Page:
May 10, 2020
By: Hattie Hill
As we adjust to life in the “new normal,” most of us are missing out on simple things we usually take for granted: dinner with friends and family, sports, concerts, movies. For me, one of hardest parts of social distancing has been missing out on spending Mother’s Day with my mom, sisters and their families. Every year, without fail, I’ve always made it back to Arkansas for Sunday morning church. In fact, one year, I flew from London to Dallas long enough to shower and change my clothes before hopping on another flight to Little Rock and then slipping into the pews of the New Hope Missionary Baptist Church next to my sisters just in time to surprise my mom singing her heart out in the choir.
I feel so fortunate to have spent my formative years in a community where everyone lives by the notion that “it takes a village.” Growing up in Moro, Arkansas, we learned early about character, having respect and appreciation for hard work. We knew that if we did something wrong, we’d have to answer not just to our own families, but to the entire community. We also had a lot of fun. People still can’t believe it when I tell them that, in seventh or eighth grade, I learned to play croquet on a farm in the middle of nowhere.
My mother is my inspiration, my North Star. Throughout my life, I’ve looked to her example and listened to her little voice in my head telling me right from wrong, whether it was the time I knew I needed to leave a college party to instilling the confidence to know that, as a young professional, I belonged in a room of high-powered male executives.
I’ve never met anyone stronger or more resilient than my mother. A single mother living on a farm with six girls, she taught us to be self-sufficient. My mother always put education above all else and was determined that her girls would be able to provide for themselves—and all six of us did go on to earn higher-education degrees. Not only that, she practiced what she preached. My mother lost her mom as a young girl and had to drop out before graduating from high school. So, after she finished raising us, she went back to school to take care of unfinished business. I can still see her marching across the stage with pride. She even went back to take college courses for a time.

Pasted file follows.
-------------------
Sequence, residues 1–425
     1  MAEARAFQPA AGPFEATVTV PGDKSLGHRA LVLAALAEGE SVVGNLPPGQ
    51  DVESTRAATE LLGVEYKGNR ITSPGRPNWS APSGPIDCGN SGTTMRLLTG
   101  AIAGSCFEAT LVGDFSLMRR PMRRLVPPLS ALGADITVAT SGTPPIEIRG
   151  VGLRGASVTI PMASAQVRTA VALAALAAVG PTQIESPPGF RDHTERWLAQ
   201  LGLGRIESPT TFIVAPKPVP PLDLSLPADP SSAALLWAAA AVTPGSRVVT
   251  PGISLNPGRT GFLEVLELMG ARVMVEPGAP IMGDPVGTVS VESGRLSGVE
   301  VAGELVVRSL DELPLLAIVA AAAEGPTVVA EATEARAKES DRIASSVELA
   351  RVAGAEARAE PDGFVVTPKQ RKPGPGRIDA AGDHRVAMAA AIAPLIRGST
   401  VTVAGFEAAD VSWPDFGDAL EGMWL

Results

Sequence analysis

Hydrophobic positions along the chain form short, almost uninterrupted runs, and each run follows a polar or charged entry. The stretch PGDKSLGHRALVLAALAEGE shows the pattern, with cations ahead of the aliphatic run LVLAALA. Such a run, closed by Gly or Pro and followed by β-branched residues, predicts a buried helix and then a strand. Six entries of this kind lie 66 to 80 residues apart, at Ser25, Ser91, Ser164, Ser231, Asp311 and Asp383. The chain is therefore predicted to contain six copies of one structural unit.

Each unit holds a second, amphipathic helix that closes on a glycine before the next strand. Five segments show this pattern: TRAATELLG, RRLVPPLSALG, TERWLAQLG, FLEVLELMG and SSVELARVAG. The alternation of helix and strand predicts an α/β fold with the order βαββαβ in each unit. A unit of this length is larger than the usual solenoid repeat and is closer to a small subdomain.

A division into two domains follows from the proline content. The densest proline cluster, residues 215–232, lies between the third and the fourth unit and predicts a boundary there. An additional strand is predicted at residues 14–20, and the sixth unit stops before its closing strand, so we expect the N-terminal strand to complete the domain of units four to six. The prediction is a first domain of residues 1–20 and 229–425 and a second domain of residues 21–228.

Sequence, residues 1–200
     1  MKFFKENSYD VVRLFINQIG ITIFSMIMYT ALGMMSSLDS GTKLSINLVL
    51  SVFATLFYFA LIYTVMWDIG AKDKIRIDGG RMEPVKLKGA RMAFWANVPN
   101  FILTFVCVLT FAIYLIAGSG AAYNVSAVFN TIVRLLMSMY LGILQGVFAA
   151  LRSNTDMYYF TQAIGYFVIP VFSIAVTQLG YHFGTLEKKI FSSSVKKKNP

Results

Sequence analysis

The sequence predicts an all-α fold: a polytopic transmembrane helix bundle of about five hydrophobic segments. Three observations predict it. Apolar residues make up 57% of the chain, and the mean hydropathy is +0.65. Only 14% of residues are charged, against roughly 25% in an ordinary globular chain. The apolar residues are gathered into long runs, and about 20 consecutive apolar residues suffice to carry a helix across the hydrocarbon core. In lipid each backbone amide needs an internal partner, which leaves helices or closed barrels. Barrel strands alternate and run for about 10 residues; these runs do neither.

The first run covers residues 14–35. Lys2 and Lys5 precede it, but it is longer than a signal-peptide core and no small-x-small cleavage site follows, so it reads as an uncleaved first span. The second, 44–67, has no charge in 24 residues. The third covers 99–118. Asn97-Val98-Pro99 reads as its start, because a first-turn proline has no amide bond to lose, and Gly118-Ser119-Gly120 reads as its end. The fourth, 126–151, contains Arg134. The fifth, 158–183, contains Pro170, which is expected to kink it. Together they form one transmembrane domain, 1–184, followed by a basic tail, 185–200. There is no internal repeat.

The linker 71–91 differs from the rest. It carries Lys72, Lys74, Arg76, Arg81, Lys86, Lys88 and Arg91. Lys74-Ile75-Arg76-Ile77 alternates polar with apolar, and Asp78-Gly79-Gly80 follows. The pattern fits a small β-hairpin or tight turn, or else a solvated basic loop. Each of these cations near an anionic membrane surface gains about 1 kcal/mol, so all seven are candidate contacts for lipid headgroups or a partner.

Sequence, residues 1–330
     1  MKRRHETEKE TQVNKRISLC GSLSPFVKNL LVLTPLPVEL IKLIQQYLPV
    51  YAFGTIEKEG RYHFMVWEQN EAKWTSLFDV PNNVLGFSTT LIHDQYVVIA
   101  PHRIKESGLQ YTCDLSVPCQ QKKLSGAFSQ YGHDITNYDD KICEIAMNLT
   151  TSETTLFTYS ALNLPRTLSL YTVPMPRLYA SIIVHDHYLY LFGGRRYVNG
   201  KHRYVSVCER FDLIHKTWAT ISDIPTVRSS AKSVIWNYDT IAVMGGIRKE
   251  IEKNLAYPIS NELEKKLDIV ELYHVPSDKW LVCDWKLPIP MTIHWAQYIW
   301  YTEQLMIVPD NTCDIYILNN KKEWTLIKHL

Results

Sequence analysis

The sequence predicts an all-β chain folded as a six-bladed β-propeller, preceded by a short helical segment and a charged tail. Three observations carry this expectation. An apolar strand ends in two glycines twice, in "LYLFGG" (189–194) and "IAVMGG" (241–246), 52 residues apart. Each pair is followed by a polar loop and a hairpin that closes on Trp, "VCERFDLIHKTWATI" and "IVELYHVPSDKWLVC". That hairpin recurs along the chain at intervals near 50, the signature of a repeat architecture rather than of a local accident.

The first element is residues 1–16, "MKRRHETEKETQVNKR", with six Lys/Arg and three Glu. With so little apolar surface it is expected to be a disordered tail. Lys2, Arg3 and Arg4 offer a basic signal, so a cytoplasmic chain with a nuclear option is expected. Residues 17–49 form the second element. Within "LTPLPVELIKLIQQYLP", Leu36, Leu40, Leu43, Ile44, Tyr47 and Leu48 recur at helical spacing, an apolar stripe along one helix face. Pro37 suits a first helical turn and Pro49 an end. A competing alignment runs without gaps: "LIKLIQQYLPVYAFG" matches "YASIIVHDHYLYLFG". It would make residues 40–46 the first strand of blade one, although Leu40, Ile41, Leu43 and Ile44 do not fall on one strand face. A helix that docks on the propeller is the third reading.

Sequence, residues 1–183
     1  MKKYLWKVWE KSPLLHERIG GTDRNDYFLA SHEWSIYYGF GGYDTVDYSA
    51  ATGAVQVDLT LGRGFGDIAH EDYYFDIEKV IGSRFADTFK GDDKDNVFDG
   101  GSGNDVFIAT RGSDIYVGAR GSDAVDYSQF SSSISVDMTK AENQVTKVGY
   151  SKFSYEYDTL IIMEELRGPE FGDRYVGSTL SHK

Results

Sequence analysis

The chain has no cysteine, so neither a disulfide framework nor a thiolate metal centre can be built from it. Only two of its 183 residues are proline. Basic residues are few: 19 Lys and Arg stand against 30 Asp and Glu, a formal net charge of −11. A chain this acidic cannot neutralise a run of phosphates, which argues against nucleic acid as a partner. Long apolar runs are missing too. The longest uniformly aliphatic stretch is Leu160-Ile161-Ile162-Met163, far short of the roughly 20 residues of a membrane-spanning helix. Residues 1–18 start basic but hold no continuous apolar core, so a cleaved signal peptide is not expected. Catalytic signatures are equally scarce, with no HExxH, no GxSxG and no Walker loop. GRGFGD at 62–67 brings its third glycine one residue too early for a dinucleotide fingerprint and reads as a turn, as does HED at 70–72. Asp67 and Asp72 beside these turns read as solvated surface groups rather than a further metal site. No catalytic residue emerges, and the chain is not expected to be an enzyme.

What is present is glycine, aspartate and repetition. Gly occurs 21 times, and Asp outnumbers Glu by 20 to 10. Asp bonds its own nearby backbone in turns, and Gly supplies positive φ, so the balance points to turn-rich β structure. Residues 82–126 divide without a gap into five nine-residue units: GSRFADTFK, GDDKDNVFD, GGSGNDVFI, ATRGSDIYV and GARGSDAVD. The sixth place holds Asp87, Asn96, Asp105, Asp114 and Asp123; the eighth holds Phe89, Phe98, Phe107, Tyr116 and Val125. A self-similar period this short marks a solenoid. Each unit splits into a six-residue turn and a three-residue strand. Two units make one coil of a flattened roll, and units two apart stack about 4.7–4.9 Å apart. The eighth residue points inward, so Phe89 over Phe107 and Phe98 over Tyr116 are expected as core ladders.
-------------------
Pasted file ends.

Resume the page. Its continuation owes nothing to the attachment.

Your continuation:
Those early lessons have been invaluable to me. Advice my mother gave me like “listen before you speak” and “everyone gets up in the morning and gets dressed just like you” have stayed with me throughout my personal and professional life. To this day, I still think of what my mother told me after an awful early experience in the working world.
I had just earned my master’s degree in psychology and, after completing an internship, I was thrilled to start my first job working with young people with disabilities. On my first day, full of vim and vigor, I walked into my boss’ office for our first meeting carrying a stack of 20 folders with information on each of the children in the program. My boss, an older white man, pushed the folders back on the table and said: “I have little respect for some educated black lady coming in here and telling me how to do my job.”
When I got home later that day, I was hysterically crying. I called my mom to tell her what had just happened. She simply said: “baby, did he hit you? Well, then you need to stop crying and get yourself together. You have two college degrees and you need to get some experience and then you can go wherever you want.” That was my mother. All business. Get the job done, no time for complaining or feeling sorry for yourself…which brings my story full circle.
Last week, I met with Bishop Jakes at the church while he recorded his Mother’s Day message. Listening to his beautiful words, I started feeling down about not being able to physically be with my mother today. But then, I snapped out of it. You see, Bishop Jakes said prayers for all the members of our congregation who have lost their mothers to COVID-19—over 300 in total. As I started listening to the heart-wrenching messages that began pouring in, I felt filled with gratitude and a little guilty about feeling sorry for myself. Unlike so many other families, I will get to have a Zoom call with my mother and the rest of my family. I won’t be able to be with her physically but I can talk to her and see her on the computer at a time when so many others can’t.
On this Mother’s Day, when so many families are grieving, I hope we can all find a little peace, whether it’s taking comfort in a happy memory or the joy of seeing our mothers’ faces on the computer screen. I know I’m grateful, today and every day.
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